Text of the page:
Despite the international community's protests, Armenia is trying to extend the activities of its outdated Metsamor nuclear power plant.
The new government's program for 2014-2017, approved on May 19, shows that it plans to launch the construction of a new power unit at the NPP in 2018.
"The government's policy in this respect will be directed at improving the country's energy security," the program reads.
The previous government removed the construction of a new power unit from its program in 2013, deciding to extend the life of the second power unit and increase its security. The program envisioned the complete closure of the existing power units in 2018, when the third power unit would already be put into operation.
The new government also intends to continue improving the safety of the second power unit at the Metsamor NPP.
Armenia intended to sign an agreement with the Russian government to get loans and start the Metsamor nuclear power plant project by May 1, 2014.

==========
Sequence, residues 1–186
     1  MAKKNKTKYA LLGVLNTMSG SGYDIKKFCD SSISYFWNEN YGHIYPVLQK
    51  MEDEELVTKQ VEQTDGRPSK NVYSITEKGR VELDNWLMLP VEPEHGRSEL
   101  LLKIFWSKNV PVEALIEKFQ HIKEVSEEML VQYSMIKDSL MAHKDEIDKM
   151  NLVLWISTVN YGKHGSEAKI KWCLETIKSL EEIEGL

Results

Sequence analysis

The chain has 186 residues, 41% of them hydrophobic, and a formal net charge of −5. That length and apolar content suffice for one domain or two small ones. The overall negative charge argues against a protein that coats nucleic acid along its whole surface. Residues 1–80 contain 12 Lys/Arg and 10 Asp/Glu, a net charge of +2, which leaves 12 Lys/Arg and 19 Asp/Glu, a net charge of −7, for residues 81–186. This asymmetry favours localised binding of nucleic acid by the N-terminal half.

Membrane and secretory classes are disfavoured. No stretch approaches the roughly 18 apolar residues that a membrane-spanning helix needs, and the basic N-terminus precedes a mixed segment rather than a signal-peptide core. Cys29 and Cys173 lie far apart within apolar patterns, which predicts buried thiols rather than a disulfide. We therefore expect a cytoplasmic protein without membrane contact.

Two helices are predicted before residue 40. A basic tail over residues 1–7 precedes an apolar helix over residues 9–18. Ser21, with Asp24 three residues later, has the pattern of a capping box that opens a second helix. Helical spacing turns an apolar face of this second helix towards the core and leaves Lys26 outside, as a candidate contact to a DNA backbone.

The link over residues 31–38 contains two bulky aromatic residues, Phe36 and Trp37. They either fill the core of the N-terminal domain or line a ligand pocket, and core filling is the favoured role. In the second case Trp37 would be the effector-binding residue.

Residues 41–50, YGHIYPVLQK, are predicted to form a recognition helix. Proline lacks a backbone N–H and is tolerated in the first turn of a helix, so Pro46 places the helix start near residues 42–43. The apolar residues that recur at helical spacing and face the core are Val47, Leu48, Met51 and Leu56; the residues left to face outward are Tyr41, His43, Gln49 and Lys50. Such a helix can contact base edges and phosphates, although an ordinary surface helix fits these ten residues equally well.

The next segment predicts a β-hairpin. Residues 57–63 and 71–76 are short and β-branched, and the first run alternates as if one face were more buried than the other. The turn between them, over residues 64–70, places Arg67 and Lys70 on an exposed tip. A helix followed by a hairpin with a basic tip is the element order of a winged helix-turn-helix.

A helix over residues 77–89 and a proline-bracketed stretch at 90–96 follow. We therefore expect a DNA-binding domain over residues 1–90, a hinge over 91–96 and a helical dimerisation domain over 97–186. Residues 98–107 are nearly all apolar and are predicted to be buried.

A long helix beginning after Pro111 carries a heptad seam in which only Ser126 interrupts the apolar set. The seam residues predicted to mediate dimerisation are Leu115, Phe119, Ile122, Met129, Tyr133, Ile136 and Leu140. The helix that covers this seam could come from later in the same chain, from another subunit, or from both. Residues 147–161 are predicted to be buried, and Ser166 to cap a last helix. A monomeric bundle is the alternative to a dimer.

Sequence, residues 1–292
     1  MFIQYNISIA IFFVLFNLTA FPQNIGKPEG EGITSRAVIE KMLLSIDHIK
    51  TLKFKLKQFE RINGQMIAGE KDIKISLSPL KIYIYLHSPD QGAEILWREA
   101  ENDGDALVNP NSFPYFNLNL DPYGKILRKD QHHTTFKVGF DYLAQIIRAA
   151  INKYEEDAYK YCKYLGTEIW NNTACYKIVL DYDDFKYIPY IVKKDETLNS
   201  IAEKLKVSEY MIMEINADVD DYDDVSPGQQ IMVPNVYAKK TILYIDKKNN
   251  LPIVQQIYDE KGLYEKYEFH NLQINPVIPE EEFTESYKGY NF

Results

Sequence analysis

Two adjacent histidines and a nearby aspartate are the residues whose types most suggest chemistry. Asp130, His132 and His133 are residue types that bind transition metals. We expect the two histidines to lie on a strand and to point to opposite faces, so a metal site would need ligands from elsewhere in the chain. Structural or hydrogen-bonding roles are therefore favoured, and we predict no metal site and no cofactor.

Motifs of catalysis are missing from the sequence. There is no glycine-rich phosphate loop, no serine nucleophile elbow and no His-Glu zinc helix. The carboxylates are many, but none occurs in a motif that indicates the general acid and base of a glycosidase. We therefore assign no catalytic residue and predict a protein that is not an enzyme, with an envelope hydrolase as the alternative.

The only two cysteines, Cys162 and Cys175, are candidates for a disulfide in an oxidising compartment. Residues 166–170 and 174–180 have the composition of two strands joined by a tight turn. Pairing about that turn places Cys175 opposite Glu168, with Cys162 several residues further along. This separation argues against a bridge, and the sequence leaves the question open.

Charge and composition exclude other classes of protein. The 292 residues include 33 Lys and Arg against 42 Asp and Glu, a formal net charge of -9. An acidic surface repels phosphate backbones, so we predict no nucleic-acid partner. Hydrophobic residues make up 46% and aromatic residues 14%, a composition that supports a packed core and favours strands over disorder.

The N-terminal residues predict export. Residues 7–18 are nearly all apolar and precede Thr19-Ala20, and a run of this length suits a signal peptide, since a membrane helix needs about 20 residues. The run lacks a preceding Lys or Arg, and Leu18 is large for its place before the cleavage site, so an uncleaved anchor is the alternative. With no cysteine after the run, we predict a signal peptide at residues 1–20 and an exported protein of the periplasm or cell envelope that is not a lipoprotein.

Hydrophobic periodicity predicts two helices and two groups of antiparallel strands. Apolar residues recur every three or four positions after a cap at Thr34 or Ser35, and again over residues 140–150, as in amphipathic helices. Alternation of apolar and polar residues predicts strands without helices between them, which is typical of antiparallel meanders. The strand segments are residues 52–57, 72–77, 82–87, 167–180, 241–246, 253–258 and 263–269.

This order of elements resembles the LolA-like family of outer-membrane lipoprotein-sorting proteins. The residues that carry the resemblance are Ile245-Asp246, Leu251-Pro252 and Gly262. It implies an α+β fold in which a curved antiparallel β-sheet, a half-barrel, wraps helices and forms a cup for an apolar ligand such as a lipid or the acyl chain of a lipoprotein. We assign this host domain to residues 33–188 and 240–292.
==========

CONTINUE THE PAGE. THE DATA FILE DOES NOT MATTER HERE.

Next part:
The government decided in March to extend the operation period of Metsamor's second unit and start the construction of a new nuclear power plant at the same time.
But Russia seems not to hurry to allocate loans to Armenia for this project so far.
Metsamor NPP is a real nuclear threat for the region. Built in 1970, it was closed down after the devastating earthquake in Spitak in 1988, but resumed its operation in 1995 despite international outrage.
The international community and regional countries like Azerbaijan, Turkey, and Georgia have repeatedly urged Armenia to close the dangerous power plant immediately.
The European Commission recently called Armenia to work towards the earliest possible closure of the Metsamor NPP, but Armenia does not attach any particular importance to nuclear safety.
Armenia intends to operate Metsamor NPP, which does not meet current safety standards, till 2026.